WRIGHT-PATTERSON AIR FORCE BASE, Ohio, April 21, 2006 – The Large Aircraft Infrared Countermeasures program was selected as co-winner of the 2005 Defense Manufacturing Technology Achievement Award.
The award was presented at the 2005 Defense Manufacturing Conference to the team behind the project, including Team Leader and Project Engineer Raymond J. Linville.
This award recognizes the hard work and dedication of the Manufacturing Technology engineers of the Air Force Research Laboratory's Materials and Manufacturing Directorate, along with the Mobility System Wing and the support contractors involved from Northrop Grumman Corporation.
The Manufacturing Technology effort resulted in significant cost, production rate and reliability improvements that will be vital in protecting large aircraft from terrorist threat.
The Defense Manufacturing Technology Achievement Award, approved by the Joint Defense Manufacturing Technology Panel and presented by Sue C. Payton, Deputy Under Secretary of Defense (Advanced Systems and Concepts), is the second award given for this effort.
In 2003, Linville was awarded the prestigious Air Force Science and Engineering Award in the Manufacturing Category, approved by Air Force Chief Scientist Dr. Alexander Lewis, due to his work in personally defining, leading and managing programs in support of Laser Eye Protection and the Viper(tm) Laser, which is one of the primary components on the countermeasures system.
The countermeasures system is designed to protect C-17s, C-130s, and other large aircraft from infrared-guided surface-to-air missile threats by automatically detecting a missile launch, determining if it is a threat, and activating a high-intensity directed laser beam countermeasure system to track and defeat the threat.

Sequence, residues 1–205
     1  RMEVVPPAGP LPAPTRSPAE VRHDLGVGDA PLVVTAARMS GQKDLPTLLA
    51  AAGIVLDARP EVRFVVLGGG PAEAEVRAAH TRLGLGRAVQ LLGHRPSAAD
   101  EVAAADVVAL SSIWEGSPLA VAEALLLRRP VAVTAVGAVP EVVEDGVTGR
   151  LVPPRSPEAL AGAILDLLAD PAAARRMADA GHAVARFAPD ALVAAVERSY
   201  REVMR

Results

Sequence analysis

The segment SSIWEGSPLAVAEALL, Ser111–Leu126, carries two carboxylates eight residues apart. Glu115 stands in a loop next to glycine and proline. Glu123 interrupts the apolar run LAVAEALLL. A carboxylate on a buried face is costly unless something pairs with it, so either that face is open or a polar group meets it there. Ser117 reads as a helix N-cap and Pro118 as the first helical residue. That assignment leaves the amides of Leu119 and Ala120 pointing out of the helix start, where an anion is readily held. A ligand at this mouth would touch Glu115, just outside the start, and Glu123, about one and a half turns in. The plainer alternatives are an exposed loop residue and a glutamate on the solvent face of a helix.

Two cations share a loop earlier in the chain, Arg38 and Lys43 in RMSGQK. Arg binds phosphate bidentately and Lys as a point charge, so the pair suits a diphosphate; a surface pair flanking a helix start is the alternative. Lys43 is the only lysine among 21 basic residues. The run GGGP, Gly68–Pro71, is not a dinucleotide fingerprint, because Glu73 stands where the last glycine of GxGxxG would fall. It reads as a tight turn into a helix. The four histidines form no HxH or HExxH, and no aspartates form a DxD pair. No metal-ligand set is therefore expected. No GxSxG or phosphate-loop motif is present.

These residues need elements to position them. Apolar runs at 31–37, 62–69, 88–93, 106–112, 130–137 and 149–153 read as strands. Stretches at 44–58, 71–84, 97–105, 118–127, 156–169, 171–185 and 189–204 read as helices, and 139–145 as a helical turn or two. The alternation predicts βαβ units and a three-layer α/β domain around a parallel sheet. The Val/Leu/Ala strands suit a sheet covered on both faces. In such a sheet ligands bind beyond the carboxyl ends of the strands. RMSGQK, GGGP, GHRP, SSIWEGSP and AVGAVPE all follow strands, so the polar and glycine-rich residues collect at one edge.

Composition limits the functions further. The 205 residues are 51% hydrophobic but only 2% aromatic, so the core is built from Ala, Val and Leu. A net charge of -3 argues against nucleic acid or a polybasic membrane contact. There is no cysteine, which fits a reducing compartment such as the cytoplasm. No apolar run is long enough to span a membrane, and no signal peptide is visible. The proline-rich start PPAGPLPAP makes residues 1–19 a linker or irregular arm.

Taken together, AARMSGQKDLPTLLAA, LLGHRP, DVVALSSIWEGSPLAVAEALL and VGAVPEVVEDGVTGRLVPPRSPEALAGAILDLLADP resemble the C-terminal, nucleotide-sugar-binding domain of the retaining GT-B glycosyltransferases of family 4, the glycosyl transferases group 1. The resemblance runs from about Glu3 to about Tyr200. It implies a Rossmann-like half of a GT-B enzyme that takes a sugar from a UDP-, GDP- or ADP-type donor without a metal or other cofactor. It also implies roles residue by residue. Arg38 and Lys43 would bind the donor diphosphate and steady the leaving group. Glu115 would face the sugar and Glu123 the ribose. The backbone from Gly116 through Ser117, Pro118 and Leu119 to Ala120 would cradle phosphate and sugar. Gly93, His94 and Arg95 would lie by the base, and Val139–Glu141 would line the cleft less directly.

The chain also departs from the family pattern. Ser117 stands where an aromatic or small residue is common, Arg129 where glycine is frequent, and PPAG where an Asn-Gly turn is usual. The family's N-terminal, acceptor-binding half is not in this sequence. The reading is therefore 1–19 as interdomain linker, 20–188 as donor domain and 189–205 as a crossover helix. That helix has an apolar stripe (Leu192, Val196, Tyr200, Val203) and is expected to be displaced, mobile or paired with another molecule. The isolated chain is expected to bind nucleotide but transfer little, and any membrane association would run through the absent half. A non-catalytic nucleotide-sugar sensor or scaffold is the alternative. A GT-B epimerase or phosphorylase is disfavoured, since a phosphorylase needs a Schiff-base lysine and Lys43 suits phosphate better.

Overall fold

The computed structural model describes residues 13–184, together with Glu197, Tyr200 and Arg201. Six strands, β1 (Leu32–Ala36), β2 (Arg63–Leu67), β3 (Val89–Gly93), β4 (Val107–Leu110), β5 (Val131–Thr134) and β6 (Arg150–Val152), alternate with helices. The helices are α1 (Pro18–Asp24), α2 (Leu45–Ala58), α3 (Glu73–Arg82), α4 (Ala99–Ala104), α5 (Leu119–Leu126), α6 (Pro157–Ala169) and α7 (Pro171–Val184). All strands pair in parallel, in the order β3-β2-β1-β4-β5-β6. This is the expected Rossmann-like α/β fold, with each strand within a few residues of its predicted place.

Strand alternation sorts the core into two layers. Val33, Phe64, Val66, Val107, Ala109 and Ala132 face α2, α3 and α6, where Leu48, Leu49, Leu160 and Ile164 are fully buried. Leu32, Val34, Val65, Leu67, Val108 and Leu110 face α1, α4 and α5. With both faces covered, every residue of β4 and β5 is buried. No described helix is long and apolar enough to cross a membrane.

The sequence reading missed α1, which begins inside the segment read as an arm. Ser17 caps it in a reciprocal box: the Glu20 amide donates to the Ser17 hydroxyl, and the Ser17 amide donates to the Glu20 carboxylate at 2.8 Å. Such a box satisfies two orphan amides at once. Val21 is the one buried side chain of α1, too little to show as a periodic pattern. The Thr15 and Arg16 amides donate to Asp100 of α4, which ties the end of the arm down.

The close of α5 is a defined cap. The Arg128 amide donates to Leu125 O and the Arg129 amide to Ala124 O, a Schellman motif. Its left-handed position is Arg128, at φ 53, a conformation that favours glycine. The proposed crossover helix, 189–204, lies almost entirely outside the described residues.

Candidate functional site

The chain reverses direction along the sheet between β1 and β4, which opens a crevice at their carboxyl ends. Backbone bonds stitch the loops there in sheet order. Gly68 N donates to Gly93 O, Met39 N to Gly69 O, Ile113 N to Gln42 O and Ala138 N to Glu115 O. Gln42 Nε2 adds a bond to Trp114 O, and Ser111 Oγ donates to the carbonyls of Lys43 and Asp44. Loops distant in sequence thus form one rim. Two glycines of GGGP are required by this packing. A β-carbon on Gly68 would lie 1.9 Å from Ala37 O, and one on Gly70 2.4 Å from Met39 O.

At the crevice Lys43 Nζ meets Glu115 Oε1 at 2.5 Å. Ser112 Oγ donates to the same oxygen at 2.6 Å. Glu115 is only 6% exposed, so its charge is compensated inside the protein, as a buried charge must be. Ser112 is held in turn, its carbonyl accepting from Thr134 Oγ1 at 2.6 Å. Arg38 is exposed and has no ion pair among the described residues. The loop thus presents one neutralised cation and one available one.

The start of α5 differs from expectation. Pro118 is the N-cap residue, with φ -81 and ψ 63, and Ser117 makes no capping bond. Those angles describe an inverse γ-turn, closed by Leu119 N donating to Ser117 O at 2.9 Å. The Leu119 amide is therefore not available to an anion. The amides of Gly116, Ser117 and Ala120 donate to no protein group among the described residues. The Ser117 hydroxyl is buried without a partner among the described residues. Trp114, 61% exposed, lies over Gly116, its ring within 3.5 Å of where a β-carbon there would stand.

Large, slow aircraft with high signatures flying at low altitudes are prime targets for man-portable air defense missiles and need the protection Large Aircraft Infrared Countermeasures systems provide.
The Viper(tm) Laser provides energy on target to jam threat missiles. Manufacturing Technology and Northrop Grumman Corporation representatives believed costs could be reduced for the Viper(tm) by addressing manufacturing, maintainability, reliability, supportability and availability issues.
The insertion of Lean practices and principles increased yield and reduced touch labor costs, and design changes were made that reduced deficiencies and the number of assembly and adjustment steps for the electronic and optical components.
Finding more suppliers for high value electronics, optics and other materials created more competition and drove the cost down by substituting standardized components for the specialized ones.
Significant cost saving procedures implemented in the manufacture and assembly of the Viper(tm) Laser decreased the countermeasures system’s acquisition cost per C-17 by about 30 percent.